Slive welcomes A&M, Mizzou to SEC, talks playoff he helped shape


It is going to be a busy weekend for SEC Commissioner Mike Slive. On Friday he will fly to College Station, Texas, to attend the evening's yell practice at Texas A&M. On Saturday afternoon he'll attend the Texas A&M-Florida game, the Aggies' first-ever SEC game.

At some point Saturday afternoon he'll board a private plane and fly to Columbia, Mo., where Missouri will play its first SEC game against the No. 7 Georgia Bulldogs.

"It's a historic day," Slive said Tuesday. "We don't expand very often."

Indeed. The last time the SEC expanded was 1992 when South Carolina and Arkansascame on board to make it a 12-team conference. Roy Kramer, who had taken over as commissioner in 1990, was aware of a little-known NCAA rule that allowed conferences to split into divisions with 12 members. The SEC Championship game was created. The conference -- and all of college football -- has never been the same.

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As a welcome gift, both Missouri and Texas A&M get their first conference games at home against high-profile opponents.

"One of the things we tried to do when we put together the 2012 schedule was to provide both A&M and Missouri with a marquee game to start their tenure with us," Slive said. "I'm looking forward to seeing the yell practice at Texas A&M on Friday and then making our way over to Missouri on Saturday. So it will be a great day for us."

A lot of people have asked me if Missouri and Texas A&M will "fit" into the unique culture that is SEC. Of that, Slive has no doubt.

"There are at least three reasons why. One is academically. They are AAU [Association of American Universities] institutions and join Florida and Vanderbilt in our league," said Slive of the AAU -- composed of only 59 American institutions. "So academically they are very strong.

"They have sports across the board. They win national championships in sports other than football and basketball. That's a commitment we really want," said Slive, whose conference won a total of nine national championships in the 2011-12 academic year. "Finally, their traditions and their cultures and their fan support really mirror ours. Missouri has sold more season tickets than any time in their history. The same with Texas A&M."

In an interview session for The Tony Barnhart Show on Tuesday, the SEC Commissioner touched on several other topics:

He put the idea of a four-team playoff on the table four years ago and it didn't get a lot of support. On June 27 it became a reality and will start after the 2014 regular season. What changed? "I don't know if I can tell you what other people are thinking. But as the conversation developed over time it became clear that it was time to evolve the postseason. It was necessary for us to think about something that would work for everybody and still maintain the super structure that had developed over the years. There were a lot of factors in play, but I think one that is important to know that we were also sensitive to the public."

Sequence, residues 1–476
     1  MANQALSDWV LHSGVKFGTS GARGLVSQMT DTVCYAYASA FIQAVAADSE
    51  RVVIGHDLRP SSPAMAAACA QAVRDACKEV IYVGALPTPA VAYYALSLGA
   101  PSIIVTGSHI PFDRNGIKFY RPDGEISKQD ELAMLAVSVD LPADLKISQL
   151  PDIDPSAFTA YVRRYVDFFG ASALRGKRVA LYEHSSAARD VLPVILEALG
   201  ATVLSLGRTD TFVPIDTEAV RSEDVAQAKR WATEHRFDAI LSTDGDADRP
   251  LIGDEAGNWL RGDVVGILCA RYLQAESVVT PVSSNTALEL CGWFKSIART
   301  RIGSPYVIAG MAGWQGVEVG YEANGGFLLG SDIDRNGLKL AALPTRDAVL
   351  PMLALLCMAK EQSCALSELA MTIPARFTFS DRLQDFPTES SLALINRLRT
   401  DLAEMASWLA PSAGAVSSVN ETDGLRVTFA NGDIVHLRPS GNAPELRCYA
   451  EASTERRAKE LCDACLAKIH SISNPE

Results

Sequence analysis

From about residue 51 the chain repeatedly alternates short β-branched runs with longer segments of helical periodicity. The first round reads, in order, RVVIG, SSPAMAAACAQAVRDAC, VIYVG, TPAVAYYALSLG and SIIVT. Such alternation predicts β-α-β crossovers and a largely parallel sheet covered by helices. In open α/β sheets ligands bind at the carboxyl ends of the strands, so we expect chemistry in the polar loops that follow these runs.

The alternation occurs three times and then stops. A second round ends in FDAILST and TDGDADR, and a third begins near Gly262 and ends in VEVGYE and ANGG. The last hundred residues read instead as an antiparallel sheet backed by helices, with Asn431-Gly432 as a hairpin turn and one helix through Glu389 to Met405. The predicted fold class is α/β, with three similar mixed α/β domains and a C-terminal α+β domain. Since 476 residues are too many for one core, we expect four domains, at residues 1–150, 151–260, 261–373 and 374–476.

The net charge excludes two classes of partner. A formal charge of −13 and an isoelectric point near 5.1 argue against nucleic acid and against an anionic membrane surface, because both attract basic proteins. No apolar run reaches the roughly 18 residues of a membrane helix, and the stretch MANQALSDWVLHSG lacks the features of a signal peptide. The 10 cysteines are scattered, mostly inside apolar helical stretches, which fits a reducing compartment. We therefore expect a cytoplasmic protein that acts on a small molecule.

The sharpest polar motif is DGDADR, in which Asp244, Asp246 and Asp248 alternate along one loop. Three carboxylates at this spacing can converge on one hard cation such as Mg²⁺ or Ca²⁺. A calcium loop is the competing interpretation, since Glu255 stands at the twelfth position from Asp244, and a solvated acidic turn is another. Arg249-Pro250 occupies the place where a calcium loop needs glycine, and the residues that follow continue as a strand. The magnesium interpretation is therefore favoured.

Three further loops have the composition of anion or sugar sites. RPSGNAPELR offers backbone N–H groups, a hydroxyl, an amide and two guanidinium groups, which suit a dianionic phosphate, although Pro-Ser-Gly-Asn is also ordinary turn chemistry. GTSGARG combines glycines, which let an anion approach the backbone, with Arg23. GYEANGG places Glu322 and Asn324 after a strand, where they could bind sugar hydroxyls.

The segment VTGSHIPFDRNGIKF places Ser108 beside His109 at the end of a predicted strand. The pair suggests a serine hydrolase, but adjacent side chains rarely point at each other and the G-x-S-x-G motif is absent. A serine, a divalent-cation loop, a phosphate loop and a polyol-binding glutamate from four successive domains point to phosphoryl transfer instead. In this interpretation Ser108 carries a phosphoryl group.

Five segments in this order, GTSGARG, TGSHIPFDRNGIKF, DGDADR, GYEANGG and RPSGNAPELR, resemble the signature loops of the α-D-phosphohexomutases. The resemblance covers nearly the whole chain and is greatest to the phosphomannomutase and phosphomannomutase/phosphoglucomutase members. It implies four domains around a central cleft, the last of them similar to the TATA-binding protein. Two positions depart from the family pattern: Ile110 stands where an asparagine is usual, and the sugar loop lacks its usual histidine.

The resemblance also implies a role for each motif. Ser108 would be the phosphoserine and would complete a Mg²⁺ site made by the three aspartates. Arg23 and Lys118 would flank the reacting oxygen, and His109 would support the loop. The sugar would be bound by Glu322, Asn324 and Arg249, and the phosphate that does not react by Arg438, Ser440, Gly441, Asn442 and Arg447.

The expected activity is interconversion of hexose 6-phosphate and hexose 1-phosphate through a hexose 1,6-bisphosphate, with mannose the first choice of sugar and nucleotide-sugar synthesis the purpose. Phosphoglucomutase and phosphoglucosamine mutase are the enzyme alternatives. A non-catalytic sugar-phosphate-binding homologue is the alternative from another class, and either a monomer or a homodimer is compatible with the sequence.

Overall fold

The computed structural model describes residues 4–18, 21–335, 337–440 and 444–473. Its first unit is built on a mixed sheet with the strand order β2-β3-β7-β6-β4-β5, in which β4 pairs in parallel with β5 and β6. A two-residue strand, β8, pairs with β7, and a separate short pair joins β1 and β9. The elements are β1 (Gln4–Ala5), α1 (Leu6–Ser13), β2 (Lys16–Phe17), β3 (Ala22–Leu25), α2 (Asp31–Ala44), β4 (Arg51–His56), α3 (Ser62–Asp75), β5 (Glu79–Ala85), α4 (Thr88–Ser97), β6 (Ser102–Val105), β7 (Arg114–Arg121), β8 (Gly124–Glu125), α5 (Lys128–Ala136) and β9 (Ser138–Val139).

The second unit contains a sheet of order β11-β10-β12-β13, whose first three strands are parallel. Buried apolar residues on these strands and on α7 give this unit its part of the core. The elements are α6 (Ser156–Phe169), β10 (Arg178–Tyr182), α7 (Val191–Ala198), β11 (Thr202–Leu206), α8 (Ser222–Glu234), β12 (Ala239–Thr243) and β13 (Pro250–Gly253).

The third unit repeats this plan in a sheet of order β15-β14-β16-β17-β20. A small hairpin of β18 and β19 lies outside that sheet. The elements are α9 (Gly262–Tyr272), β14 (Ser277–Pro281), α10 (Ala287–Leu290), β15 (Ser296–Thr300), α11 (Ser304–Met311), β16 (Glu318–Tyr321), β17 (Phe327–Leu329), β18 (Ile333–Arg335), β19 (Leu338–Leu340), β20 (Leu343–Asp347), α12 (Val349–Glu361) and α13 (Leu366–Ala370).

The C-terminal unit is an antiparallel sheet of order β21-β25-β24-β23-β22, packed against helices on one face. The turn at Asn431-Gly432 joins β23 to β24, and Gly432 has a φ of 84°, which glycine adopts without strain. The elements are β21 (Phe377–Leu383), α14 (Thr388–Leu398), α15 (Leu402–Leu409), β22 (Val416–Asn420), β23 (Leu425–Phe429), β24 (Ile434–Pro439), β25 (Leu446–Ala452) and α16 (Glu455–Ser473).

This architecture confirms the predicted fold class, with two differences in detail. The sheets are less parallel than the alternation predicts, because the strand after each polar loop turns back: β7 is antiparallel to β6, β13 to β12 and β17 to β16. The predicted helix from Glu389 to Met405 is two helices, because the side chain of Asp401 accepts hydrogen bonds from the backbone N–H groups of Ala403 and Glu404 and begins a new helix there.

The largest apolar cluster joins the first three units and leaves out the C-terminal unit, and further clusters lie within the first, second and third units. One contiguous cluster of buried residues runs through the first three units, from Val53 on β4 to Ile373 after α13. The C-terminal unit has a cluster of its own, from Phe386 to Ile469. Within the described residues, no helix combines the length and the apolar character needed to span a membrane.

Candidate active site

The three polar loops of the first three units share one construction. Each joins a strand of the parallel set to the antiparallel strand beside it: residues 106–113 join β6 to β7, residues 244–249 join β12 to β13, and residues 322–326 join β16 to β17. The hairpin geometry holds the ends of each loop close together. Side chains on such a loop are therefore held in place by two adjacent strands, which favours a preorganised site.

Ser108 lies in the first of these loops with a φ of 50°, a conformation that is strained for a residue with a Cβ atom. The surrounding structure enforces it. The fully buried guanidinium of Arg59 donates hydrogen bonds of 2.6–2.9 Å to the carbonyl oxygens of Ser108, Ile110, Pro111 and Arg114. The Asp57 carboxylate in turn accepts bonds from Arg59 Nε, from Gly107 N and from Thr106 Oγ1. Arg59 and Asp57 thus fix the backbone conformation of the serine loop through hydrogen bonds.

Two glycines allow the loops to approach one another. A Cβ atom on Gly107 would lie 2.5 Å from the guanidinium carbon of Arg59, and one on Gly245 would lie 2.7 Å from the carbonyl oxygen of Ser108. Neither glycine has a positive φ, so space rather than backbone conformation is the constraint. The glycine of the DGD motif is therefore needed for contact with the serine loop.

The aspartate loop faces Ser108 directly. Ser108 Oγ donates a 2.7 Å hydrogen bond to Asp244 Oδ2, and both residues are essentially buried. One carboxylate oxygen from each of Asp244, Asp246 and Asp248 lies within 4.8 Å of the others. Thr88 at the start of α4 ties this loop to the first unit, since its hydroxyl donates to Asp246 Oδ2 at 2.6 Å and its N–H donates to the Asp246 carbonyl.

On whether two SEC teams (Alabama-LSU) playing for the BCS national championship was a major factor in changing some minds about the playoff: "We all brought different things to the table at different times over the last six months. I think it played out pretty well in the public. Some of us had a view that it ought to be the best four teams. Others had the view that it ought to be just champions. And we were looking for a way to make it work for everybody."

On the decision to do away with the BCS Standings and to form a selection committee: "The more we talked about it, the more we thought about it, we began to realize that a committee might really work. Several of us, including myself, had a lot of experience on the NCAA Basketball committee. Then we began to think, "well if that's the case, you can put all these factors into play by using a committee.'

"And so now we're going to get the four best teams and the committee will take into consideration a lot of different factors including the strength of schedule, championships, head-to-head. And it also avoids some of the anomalies the BCS suffered over time."

On the potential makeup of the selection committee: "The only thing we've really talked about so far in a very, very preliminary way with regard to a committee was the number. We need a large enough number to cover any recusals that might occur if someone represents a different part of the country and there's a team from there. But we really haven't sat down to talk about who they should be. It's obvious it's going to have to be people who know a lot about college football and who appreciate the game. But those conversations, along with several others, will be beginning later this month."

On what those other conversations will be: "We've got to have conversations about the composition of the committee, revenue distribution, site selection for the semifinal games, site selection for the national championship game. So starting in the next couple of weeks we'll begin the discussions for each and every one of those components that we need to have in place to finalize the plan."

Watch The Tony Barnhart Show, Tuesdays at 9 p.m. on The CBS Sports Network.

Tony Barnhart is in his fifth season as a contributor to He is a college football analyst for CBS Sports and The CBS Sports Network. Prior to joining CBS he was the national college football writer for the Atlanta Journal-Constitution for 24 years. He has written five books on college football.

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